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Keyword: riparian areas

Function of riparian vegetation in retaining sediment in watersheds

Publications Posted on: March 12, 2020
Riparian areas are special vegetation zones that are frequently used as buffer strips to mitigate sediment movement from upland forest and agricultural management areas (Neary et al. 2010). These areas are often called streamside management zones. Understanding any concept and accompanying literature is ultimately based on knowledge of the descriptive terminology used.

Potential effects of climate change on riparian areas, wetlands, and groundwater-dependent ecosystems in the Blue Mountains, Oregon, USA

Publications Posted on: April 05, 2019
Riparian areas, wetlands, and groundwater-dependent ecosystems, which are found at all elevations throughout the Blue Mountains, comprise a small portion of the landscape but have high conservation value because they provide habitat for diverse flora and fauna. The effects of climate change on these special habitats may be especially profound, due to altered snowpack and hydrologic regimes predicted to occur in the near future.

Climate change and special habitats in the Blue Mountains: Riparian areas, wetlands, and groundwater-dependent ecosystems [Chapter 7]

Publications Posted on: April 14, 2017
In the Blue Mountains, climate change is likely to have significant, long-term implications for freshwater resources, including riparian areas, wetlands (box 7.1), and groundwater-dependent ecosystems (GDEs, box 7.2). Climate change is expected to cause a transition from snow to rain, resulting in diminished snowpack and shifts in streamflow to earlier in the season (Leibowitz et al. 2014, Luce et al. 2012; see chapter 3).

Central Nevada meadow characterization

Datasets Posted on: August 27, 2015
This data publication contains a geodatabase as well as tabular digital data for Central Nevada meadows that were based on data collected in the summer of 2005 and 2006. The geodatabase includes plant community arrangements, streams, springs, and watersheds within each meadow.

Understorey plant community dynamics following a large, mixed severity wildfire in a Pinus ponderosa-Pseudotsuga menziesii forest, Colorado, USA

Publications Posted on: September 26, 2014
In 2002, the Hayman Fire burned across 55 800 ha of Colorado Front Range P. ponderosa-P. menziesii forest. Also burned in the fire were 20 upland and five riparian plots within a 400-ha study area. These plots had been surveyed for understorey plant composition and cover 5-6 yrs prior. We re-measured all plots annually from 2003 to 2007, 1-5 yrs post-fire.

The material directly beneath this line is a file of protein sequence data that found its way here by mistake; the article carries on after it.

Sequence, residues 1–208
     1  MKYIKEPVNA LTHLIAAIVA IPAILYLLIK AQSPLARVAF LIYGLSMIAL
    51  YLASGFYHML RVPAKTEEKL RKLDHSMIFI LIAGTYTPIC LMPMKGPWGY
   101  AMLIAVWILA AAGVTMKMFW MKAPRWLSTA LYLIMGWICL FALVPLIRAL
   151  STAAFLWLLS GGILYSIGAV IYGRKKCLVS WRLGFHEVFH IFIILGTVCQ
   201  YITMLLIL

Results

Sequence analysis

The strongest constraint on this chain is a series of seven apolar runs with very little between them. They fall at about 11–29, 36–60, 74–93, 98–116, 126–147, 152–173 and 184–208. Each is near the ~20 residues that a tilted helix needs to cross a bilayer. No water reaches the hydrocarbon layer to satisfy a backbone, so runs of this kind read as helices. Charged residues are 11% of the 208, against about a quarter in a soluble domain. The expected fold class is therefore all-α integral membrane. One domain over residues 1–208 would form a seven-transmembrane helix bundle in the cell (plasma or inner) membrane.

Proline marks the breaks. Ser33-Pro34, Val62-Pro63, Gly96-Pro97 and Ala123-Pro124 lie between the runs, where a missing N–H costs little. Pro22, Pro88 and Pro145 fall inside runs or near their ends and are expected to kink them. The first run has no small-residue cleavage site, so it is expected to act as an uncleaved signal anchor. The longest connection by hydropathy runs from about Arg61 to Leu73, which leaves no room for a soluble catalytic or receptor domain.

Burning questions for managers: Fuels management practices in riparian areas

Publications Posted on: August 29, 2012
Vegetation treatment projects for fuel reduction in riparian areas can pose distinct challenges to resource managers. Riparian areas are protected by administrative regulations, many of which are largely custodial and restrict active management. Like uplands, however, riparian areas have been affected by fire suppression, land use, and multiple types of disturbance.

Water quality, biodiversity, and codes of practice in relation to harvesting forest plantations in streamside management zones

Publications Posted on: June 04, 2012
Streamside management zones (SMZs) are special landscape units that include riparian areas and adjacent lands that mitigate the movement of sediment, nutrients and other chemicals from upland forest and agricultural management areas into streams. The size, shape, and management of SMZs are governed by various combinations of economic, ecological, and regulatory factors.

Meadow management and treatment options [chapter 8]

Publications Posted on: September 22, 2011
Restoration and management objectives and approaches are most effective when based on an understanding of ecosystem processes and the long- and short-term causes of disturbance (Wohl and others 2005). As detailed in previous chapters, several factors are critical in developing effective management strategies for streams and their associated meadow ecosystems in the central Great Basin.

Charcterization of meadow ecosystems based on watershed and valley segment/reach scale characteristics [chapter 7]

Publications Posted on: September 22, 2011
Great Basin riparian meadows are highly sensitive to both natural and anthropogenic disturbance. As detailed in earlier chapters, streams in the central Great Basin have a natural tendency to incise due to their geomorphic history (Miller and others 2001, 2004).

Meadow-stream processes and aquatic invertebrate community structure [chapter 6]

Publications Posted on: September 22, 2011
Riparian areas make up less than 1 percent of the total area of the Great Basin, yet they provide many critical ecosystem services, and they support a disproportionately large percentage of the regional biodiversity (Hubbard 1977; Saab and Groves 1992).